Indoor air pollution is a common problem for every home and in some cases is two to five times worse than outdoors. This includes various indoor pollutants that can cause respiratory diseases. The quick spread of the highly infectious respiratory disease caused by COVID-19 raised concern about the efficient indoor ventilation and sanitation measures.
Our homes should protect the indoor environment to create a healthy indoor environment for the health and comfort of our family. The HVAC systems and other advanced technologies for air purification can help to clean the indoor environment from contagious microbial contaminants.
Indoor Air Pollution and Health Problems
Indoor air quality is one of the five major environmental risks to public health. Indoor air is important because most people spend a substantial time in buildings.
About 2 million deaths per year and 3 percent of the global disease burden are associated with indoor air pollution. These contaminants can cause various diseases such as chronic (allergies, asthma), respiratory infections, and even cancers.
Typical indoor air pollutants and allergens are biological contaminants, dust, volatile organic compounds, gases, fine particulate matter (PM2.5), etc. Common biological pollutants include mold, pollen, dust mites, pet dander, bacteria, and viruses.
Particles of 5 microns or smaller 5 can pass through the lungs and are harmful to your health. These are biological particles, dust, and gases. The smaller the particles, the more harmful they are. Therefore, particles of 2.5 microns are classified as respirable suspended particles and considered very hazardous.
How to Improve Indoor Air Quality?
ASHRAE has developed proactive guidance to prevent the spread of coronavirus pandemic (COVID-19) with respect to the operation and maintenance of heating, ventilating and air-conditioning (HVAC) systems.
ASHRAE recommends the following strategies to prevent disease transmission:
- dilution ventilation
- laminar and other in-room flow regimes
- differential room pressurization
- personalized ventilation
- source capture ventilation
- filtration (central or unitary),
- UVGI (upper room, in-room, and in the airstream).
ASHRAE’s Indoor Air Quality Guide is aimed to protect your home from exposure to airborne particles that might be circulated by HVAC systems.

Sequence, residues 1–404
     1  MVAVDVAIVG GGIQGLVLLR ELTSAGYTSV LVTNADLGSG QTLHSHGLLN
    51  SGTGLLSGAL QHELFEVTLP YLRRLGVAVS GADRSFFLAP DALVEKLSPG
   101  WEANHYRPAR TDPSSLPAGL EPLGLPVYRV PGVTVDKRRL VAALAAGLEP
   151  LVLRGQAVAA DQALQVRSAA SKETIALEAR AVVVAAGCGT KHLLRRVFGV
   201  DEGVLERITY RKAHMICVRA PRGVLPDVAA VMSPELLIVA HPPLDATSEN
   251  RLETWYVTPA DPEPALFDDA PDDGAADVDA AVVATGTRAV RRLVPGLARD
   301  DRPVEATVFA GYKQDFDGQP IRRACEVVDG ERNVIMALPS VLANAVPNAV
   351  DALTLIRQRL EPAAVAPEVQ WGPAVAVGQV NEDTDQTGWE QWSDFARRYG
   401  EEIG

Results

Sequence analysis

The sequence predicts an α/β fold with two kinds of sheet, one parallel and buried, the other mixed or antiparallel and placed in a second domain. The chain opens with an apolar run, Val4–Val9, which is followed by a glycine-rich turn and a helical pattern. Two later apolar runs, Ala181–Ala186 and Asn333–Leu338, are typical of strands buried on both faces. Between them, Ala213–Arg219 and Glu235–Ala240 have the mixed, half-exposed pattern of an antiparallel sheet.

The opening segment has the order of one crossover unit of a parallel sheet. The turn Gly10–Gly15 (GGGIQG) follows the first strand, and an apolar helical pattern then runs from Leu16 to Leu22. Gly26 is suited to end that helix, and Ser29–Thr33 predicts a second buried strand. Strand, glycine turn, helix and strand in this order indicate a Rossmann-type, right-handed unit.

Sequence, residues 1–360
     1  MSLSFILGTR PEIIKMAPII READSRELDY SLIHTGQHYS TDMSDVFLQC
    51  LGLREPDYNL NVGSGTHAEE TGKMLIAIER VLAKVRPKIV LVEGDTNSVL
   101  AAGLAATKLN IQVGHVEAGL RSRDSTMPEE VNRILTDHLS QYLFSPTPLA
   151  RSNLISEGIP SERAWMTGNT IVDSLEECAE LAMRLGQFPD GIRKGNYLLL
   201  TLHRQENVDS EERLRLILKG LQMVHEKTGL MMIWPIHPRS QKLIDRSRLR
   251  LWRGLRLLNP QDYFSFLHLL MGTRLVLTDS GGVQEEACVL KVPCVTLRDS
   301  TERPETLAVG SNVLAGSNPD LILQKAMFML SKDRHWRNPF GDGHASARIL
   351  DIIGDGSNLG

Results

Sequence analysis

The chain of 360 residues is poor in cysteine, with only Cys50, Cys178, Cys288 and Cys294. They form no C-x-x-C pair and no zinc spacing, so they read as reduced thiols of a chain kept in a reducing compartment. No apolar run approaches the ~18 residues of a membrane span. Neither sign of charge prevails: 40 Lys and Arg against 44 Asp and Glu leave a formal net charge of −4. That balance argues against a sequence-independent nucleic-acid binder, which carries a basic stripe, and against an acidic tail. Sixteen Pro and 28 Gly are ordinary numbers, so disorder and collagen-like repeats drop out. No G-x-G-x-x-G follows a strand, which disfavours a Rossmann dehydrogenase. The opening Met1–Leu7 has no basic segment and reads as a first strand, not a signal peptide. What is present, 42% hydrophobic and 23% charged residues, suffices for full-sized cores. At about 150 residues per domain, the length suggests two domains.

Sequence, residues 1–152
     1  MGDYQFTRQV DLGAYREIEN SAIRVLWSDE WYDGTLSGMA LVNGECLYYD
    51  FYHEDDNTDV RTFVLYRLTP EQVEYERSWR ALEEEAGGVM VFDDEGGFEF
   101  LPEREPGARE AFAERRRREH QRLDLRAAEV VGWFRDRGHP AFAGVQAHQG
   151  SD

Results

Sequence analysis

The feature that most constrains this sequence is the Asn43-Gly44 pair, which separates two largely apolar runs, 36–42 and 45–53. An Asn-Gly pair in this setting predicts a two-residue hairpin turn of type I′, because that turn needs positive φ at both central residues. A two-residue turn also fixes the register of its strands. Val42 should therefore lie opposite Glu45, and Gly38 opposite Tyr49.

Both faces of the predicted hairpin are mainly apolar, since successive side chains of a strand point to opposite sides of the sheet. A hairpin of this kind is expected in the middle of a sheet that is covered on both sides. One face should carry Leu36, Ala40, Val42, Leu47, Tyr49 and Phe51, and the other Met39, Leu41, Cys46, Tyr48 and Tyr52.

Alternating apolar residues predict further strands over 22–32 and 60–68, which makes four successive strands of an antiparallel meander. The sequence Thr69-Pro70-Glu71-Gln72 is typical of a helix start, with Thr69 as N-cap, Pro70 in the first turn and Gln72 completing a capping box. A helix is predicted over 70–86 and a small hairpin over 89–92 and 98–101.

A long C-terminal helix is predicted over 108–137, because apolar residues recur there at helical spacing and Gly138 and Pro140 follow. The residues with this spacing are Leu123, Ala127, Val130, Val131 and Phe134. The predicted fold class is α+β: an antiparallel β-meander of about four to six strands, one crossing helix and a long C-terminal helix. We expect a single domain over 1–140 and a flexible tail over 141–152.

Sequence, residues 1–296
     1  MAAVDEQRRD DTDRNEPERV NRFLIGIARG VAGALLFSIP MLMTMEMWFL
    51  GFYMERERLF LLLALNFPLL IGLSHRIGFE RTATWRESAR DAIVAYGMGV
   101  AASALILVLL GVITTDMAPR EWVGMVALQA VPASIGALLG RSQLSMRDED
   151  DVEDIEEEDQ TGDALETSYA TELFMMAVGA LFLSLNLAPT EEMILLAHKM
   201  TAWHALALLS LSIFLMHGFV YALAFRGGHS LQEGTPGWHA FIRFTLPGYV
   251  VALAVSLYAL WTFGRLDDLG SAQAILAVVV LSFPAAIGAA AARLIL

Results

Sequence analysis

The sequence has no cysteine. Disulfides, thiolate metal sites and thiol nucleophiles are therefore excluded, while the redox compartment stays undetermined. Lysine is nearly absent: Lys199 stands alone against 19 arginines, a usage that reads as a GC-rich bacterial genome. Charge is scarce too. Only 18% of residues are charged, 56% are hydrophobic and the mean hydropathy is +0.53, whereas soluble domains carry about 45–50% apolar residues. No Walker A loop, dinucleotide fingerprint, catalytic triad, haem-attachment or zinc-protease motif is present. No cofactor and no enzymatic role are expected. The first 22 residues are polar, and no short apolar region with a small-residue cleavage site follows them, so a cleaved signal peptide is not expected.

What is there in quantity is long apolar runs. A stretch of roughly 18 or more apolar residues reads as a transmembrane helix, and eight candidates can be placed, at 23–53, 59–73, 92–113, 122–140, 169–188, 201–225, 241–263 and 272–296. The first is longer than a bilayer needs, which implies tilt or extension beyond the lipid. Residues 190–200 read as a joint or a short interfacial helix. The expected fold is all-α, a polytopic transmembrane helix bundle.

You can improve the ventilation and filtering in your home with a ventilation and air conditioning system. Controlling airflow from clean to dirty areas to avoid the spread of polluted air around the house is critical.
HVAC systems are very important to maintain fresh indoor air quality. Many infectious particles are known to be transmitted by air. Therefore, proper ventilation can provide health and public safety.
The most efficient filters such as HEPA filters are able to remove up to 99.97 percent of particles as small as 0.3 microns. HEPA filters can remove dust, dust mites, pet dander, pollens, mold, some bacteria, and other common indoor allergens. Maintaining the relative humidity between 30 and 60 percent will help control mold and dust mites.
In crowded conditions with poor ventilation like in hospital waiting rooms and other public places, even particles with controversial airborne transmission capacity can cause explosive outbreaks.
For instance, the influenza virus can spread in a plane with poor ventilation. In some cases, the infection can be propagated at a significant distance away from the source by ventilation-induced airflows.
The Best Appliances Against Biological Contaminants
In addition to HVAC systems, the best technologies for anti-microbial protection against biological contaminants include:
- Antibacterial (Ultraviolet) Lamps can effectively destroy viral, bacterial, and fungal organisms such as Mycobacterium tuberculosis (TB), influenza viruses, mold, and other agents in air and surface, so they are unable to spread and cause disease.
- Whole House In-Duct Air Purifiers can help to eliminate indoor air pollutants of dust, dander, and pollen from your entire home.